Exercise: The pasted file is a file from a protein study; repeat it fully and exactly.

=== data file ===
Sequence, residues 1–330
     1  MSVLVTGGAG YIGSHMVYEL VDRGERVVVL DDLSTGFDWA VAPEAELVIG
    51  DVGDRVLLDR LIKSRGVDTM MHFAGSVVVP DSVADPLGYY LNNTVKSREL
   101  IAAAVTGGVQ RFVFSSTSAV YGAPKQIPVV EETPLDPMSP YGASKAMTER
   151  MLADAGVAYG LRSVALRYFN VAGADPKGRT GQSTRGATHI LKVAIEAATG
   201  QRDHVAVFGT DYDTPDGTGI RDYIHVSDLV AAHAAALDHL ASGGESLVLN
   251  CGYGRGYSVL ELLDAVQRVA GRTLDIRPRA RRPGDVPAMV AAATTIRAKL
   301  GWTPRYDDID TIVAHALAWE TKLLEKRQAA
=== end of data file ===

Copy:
Sequence, residues 1–330
     1  MSVLVTGGAG YIGSHMVYEL VDRGERVVVL DDLSTGFDWA VAPEAELVIG
    51  DVGDRVLLDR LIKSRGVDTM MHFAGSVVVP DSVADPLGYY LNNTVKSREL
   101  IAAAVTGGVQ RFVFSSTSAV YGAPKQIPVV EETPLDPMSP YGASKAMTER
   151  MLADAGVAYG LRSVALRYFN VAGADPKGRT GQSTRGATHI LKVAIEAATG
   201  QRDHVAVFGT DYDTPDGTGI RDYIHVSDLV AAHAAALDHL ASGGESLVLN
   251  CGYGRGYSVL ELLDAVQRVA GRTLDIRPRA RRPGDVPAMV AAATTIRAKL
   301  GWTPRYDDID TIVAHALAWE TKLLEKRQAA